The concept of scaffolding is often associated with ZPD and it is this which we turn our attention to next. Key point Practitioner’s interactions with children often incorporate both teaching and assessment. It is critical that the practitioner is capable of engaging certain interactive skills in such situations since these will be necessary to ensure optimal learning and development. Scaffolding Effective scaffolding (Wood, Bruner and Ross, 1976), where the adult guides the child’s learning in the ZPD, is an important feature of the engagement of the child in joint problem solving.
Here, the child interacts with the practitioner while the two are jointly trying to reach a goal and this results in the establishment of intersubjectivity (Newson and Newson, 1975).
Intersubjectivity refers to the process whereby two participants achieve a shared understanding whilst undertaking a task that they approach from different perspectives. The parties co-construct meanings in activities that involve higher–order thinking (Vygotsky, 1978).
Rogoff (1998) emphasises the ongoing mutual process of understanding, which is inherent in joint problemsolving interactions.
She also draws attention to the institutional and cultural aspects of joint problemsolving activities. She distinguishes between her socio-cultural approach to studying experts’ support of novices’ learning and other approaches which focus on particular techniques such as scaffolding. Rogoff distinguishes between the concepts of ‘scaffolding’ and of working in the zone of proximal development. She describes scaffolding as a specific technique focusing on what experts provide for novices; it focuses on the tutor’s efforts as they relate contingently to the novice’s successes and failures (p. 699).
However, working in the zone of proximal development is, in her view, wider than scaffolding. It focuses on the processes of communication that builds a continually evolving mutual perspective. It is a way of describing an activity in which someone with greater expertise assists someone else … to participate in socio-cultural activities in a way that exceeds what they could do otherwise (p. 699).
Mutual contribution is an essential consideration so interactions and communicative and collaborative processes all form part of the picture, rather than just the child’s successes or errors as in scaffolding.
Rogoff argues that The concept of scaffolding does not refer to the institutional and cultural context in which it occurs, whereas the concept of zone of proximal development requires attention to processes of communication and the relation of the interaction at hand to institutional, cultural and historic processes. (p. 700) 16 Aistear: the Early Childhood Curriculum Framework Supporting early learning and development through formative assessment Key point Supporting children’s learning is an important part of assessment. For the practitioner this is often far more complex than simply applying a technique such as scaffolding.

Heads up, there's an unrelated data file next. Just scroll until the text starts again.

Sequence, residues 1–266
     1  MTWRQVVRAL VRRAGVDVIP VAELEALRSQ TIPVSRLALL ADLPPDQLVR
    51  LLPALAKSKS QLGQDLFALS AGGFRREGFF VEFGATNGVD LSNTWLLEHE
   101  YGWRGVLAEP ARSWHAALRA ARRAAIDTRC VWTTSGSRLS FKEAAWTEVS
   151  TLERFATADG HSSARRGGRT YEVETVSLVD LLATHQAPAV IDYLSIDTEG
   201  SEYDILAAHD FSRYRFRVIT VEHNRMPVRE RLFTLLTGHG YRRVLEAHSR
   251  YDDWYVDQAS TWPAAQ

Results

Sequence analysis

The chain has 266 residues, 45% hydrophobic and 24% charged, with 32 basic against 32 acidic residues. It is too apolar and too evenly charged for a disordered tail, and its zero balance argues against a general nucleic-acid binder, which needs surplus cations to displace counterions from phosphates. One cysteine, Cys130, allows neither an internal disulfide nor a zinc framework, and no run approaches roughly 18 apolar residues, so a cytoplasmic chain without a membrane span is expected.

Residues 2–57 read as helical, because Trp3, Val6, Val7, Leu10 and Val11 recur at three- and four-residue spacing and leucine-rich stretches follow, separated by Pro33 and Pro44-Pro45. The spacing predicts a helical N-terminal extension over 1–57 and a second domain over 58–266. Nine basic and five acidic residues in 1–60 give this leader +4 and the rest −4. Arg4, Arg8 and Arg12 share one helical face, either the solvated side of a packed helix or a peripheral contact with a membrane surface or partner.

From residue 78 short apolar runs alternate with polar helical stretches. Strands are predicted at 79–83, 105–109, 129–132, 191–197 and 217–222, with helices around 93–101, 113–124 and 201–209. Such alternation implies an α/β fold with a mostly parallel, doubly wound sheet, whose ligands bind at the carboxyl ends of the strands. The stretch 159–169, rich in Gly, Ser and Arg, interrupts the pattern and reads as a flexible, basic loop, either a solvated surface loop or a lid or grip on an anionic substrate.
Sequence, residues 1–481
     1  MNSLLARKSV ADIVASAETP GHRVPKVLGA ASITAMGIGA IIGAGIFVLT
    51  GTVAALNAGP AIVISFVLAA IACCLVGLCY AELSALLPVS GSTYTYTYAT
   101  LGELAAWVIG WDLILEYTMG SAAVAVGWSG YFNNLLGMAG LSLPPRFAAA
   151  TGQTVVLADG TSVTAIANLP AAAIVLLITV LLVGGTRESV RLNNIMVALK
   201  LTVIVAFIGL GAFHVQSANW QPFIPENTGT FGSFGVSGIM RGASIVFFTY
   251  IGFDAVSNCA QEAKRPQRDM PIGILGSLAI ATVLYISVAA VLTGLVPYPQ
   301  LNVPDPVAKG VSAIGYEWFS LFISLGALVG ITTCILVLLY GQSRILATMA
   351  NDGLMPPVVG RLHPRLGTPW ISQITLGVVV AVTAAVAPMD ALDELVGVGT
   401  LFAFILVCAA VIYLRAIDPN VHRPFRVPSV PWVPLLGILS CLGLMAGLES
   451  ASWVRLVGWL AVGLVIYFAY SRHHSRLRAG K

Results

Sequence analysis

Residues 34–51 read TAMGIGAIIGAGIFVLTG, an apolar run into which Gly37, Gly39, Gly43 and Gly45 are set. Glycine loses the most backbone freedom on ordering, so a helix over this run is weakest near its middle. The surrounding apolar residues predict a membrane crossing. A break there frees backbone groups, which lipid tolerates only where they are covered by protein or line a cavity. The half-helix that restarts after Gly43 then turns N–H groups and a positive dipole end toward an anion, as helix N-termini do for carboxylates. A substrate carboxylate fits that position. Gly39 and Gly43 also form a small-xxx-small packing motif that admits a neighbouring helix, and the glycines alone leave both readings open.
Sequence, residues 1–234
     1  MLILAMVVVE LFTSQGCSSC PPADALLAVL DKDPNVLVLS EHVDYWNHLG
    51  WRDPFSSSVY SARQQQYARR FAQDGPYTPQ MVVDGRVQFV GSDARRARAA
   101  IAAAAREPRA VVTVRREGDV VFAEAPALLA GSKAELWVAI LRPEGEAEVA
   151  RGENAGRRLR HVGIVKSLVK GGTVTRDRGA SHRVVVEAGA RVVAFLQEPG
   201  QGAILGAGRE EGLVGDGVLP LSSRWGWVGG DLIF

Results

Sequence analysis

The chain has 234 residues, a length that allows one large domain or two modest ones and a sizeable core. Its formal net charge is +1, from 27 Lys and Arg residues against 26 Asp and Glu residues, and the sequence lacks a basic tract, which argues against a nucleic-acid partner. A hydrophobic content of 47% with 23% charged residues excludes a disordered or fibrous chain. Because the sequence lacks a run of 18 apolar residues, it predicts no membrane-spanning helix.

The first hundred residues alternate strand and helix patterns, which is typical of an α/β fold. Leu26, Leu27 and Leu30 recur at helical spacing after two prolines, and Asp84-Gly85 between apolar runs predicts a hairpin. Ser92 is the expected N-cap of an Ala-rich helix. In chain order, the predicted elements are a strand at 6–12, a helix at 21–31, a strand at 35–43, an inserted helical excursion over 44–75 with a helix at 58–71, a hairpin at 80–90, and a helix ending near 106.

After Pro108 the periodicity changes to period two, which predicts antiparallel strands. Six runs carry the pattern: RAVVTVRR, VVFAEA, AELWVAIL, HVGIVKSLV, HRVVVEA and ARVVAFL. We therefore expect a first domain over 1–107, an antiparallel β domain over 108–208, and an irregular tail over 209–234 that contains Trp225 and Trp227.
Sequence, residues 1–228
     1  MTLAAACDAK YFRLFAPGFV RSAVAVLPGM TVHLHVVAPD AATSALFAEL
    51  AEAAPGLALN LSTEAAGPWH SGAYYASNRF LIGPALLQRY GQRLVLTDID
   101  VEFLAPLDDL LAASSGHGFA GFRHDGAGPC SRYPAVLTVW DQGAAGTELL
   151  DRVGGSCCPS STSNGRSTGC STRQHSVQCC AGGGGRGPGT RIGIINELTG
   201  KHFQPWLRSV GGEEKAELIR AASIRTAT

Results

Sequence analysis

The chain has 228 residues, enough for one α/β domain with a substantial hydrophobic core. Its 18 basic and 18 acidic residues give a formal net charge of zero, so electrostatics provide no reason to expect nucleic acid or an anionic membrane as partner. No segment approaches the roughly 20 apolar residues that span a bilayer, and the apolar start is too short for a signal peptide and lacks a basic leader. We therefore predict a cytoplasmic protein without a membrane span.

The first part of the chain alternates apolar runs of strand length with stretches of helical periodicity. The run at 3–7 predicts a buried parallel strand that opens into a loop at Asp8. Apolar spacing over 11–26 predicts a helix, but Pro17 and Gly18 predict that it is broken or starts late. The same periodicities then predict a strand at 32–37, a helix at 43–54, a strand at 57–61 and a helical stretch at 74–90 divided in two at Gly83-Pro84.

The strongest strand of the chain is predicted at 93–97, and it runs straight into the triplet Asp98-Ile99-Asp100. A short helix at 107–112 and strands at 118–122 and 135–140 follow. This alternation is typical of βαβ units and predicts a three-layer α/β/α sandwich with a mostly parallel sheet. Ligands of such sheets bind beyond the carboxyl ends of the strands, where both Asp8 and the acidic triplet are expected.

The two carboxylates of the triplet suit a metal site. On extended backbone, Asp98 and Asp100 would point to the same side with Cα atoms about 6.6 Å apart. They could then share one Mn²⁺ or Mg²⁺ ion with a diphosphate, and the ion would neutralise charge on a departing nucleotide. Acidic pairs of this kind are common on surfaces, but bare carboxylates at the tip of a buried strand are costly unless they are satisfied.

Learners make an equally important contribution. Intersubjectivity and collaboration are important in scaffolding children’s learning and we look at these two concepts below. Intersubjectivity and collaboration Rogoff (1990; 1998) has illustrated how children make an important contribution in collaborating in the process of establishing joint understanding. Children, including infants in the first year of life, can sometimes be observed to be deliberately taking the lead in collaborative activities by seeking information or by directing activities.
Rogoff’s analysis, consistent with Vygotsky, suggests that the intersubjectivity as achieved by adults and babies is different from that achieved by adults and children who can use linguistic (verbal and gestural) communication to achieve mutual understandings. This then has implications for the assessment process across the age range birth to six years. Working in the zone of proximal development with a toddler will include the adult engaging in the demonstration of objects, collaborative activity with objects and the focusing of the child’s attention.
Rogoff (1998) points out that the child, for example in seeking to help the adult in everyday chores, very often initiates such activity. Older toddlers and young children will often seek to assert their independence in doing a particular task themselves but Rogoff’s analysis of the research suggests that they also will actively seek assistance when they are stuck. Recently a question has arisen about the capacity of early years settings to support the kinds of relationships and shared experiences that enable children to engage in the types of social participation that promote optimum learning (Parker-Rees, 2007).